It is not, however, sufficient to state that since he is only causing the motor to go on indirectly, that it is therefore permissible to open the refrigerator when the motor is off.  This is because the Rama (334:22 and see Biur Halacha ad. locum. s.v. D'Gram Kibui) rules that Grama is permitted only in situations of great need.  Rav Shlomo Zalman asserts, however, that since one's intention is merely to open the door and not to turn on the refrigerator's motor, Grama would be permissible in all situations even absent any unconventional needs.  Moreover, he writes that since he is only causing the motor to go on earlier than it would have gone on without his opening the refrigerator door, (also see Minchat Shlomo 91:10) one may treat the act of opening of the door even more leniently than Grama.  Thus, opening the refrigerator door would be permissible in all situations.

 

Opening the Refrigerator Door when the Motor is not Running- The Strict Approach

            Many poskim concur with Rav Shlomo Zalman's lenient approach.  Indeed, Rav Aharon Lichtenstein told this author that Rav Soloveitchik agreed with the lenient approach.  Rav Moshe Feinstein (Igrot Moshe O.C IV: 74- Bishul -28) seems to fully accept Rav Shlomo Zalman's ruling (also see Igrot Moshe O.C. 2:68)- as does Rav Eliezer Waldenburg (Tzitz Eliezer 8:12 and 12:92).  (See Encyclopedia Talmudit 18:663 note 13.)

            Many eminent authorities, on the other hand, either rule strictly (Har Zvi O.C. I:151; Chelkat Yaakov 3:179; and Minchat Yitzchak 2:16) or at the least recommend that one to be strict if possible (Rav Yosef Henkin, Eidut L'Yisrael p. 122; Rav Ovadia Yosef, Yabia Omer I:O.C. 27).  The problem is that once an action is performed routinely it cannot be classified merely as  Grama (see Shabbat 120b and Rabbeinu Chananeil ad. loc. s.v. Rav Ashi and Bava Kama 60a and Rosh Bava Kama 6:11).  Rav Shlomo Zalman responds that this applies only when one intends to create the resultant action.  When opening the door one does not intend to turn on the motor.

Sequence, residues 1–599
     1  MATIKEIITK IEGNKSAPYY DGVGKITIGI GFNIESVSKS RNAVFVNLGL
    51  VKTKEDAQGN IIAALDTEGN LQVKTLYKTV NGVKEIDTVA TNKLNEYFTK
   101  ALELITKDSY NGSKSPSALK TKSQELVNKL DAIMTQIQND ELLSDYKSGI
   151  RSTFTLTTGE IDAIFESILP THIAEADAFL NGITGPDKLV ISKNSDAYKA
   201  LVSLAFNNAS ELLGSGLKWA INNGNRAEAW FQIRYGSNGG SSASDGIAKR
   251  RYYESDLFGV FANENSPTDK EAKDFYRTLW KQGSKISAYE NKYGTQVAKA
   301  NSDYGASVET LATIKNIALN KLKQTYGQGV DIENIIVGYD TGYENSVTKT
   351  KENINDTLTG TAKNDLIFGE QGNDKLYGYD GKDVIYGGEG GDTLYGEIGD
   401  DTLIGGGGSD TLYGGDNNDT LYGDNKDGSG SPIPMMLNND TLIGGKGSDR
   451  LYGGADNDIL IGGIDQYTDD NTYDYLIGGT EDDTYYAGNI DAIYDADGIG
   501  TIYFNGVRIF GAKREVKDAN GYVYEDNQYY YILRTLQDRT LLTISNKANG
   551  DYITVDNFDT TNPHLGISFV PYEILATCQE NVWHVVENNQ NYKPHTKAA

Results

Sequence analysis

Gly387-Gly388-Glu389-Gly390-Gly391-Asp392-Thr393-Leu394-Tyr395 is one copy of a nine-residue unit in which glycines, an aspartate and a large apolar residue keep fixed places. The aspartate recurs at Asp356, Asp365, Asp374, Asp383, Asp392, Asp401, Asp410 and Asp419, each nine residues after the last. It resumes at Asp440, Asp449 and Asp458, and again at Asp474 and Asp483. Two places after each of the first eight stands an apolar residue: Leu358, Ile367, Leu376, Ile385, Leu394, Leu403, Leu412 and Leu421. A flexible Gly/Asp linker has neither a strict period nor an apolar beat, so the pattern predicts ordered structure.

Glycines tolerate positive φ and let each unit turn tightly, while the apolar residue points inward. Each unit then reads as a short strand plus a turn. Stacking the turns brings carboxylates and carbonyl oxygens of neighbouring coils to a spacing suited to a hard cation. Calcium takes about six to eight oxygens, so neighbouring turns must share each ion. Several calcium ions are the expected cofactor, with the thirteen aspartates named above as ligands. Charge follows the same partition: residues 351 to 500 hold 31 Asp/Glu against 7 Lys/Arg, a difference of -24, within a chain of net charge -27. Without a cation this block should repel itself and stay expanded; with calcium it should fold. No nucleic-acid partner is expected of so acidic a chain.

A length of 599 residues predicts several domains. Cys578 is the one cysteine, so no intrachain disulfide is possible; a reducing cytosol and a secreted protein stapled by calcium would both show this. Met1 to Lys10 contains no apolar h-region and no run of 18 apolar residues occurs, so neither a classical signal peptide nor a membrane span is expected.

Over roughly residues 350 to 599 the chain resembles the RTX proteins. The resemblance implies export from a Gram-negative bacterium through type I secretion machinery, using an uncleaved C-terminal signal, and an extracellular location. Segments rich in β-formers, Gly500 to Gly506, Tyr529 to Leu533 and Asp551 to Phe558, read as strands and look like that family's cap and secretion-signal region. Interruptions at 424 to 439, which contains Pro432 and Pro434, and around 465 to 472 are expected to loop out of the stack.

Conclusion

            Common practice in this country is to be lenient on this practice, although some people adopt the strict approach.  In Israel, though, it is quite common in certain communities to be strict on this matter.  In fact, the Shemirat Shabbat Kehilchata (10:12) counsels one who wishes to be strict to set the refrigerator on a timer, so that the refrigerator shuts off entirely at certain times and to open the refrigerator only during those times.

            The Shemirat Shabbat Kehilchata (10:14) cautions that all opinions agree that it is forbidden to open a refrigerator in which a fan goes on when one opens the door and shuts when he closes the door.  One must exercise caution when purchasing a refrigerator that it not be source of Halachic problems for use on Shabbat and Yom Tov.

            A primary basis of the lenient opinion is that no Biblical prohibition is involved in the opening of a refrigerator door.  However, opening an oven door is a more severe issue because opening the door causes cool air to enter the oven causing the fire to go on - a Biblical prohibition- unlike the question of opening a refrigerator door on Shabbat (see Encyclopedia Talmudit 19:669 and Rav Levi Yitzchak Halperin's Shabbat V'Kashrut B'Mitbach Ha-Moderni pp.335 and 339).  Accordingly, it may be best to avoid using a lighted oven on Shabbat to keep food warm, since opening an oven is fraught with Halachic problems.  One should consult his Rav for guidance regarding these issues.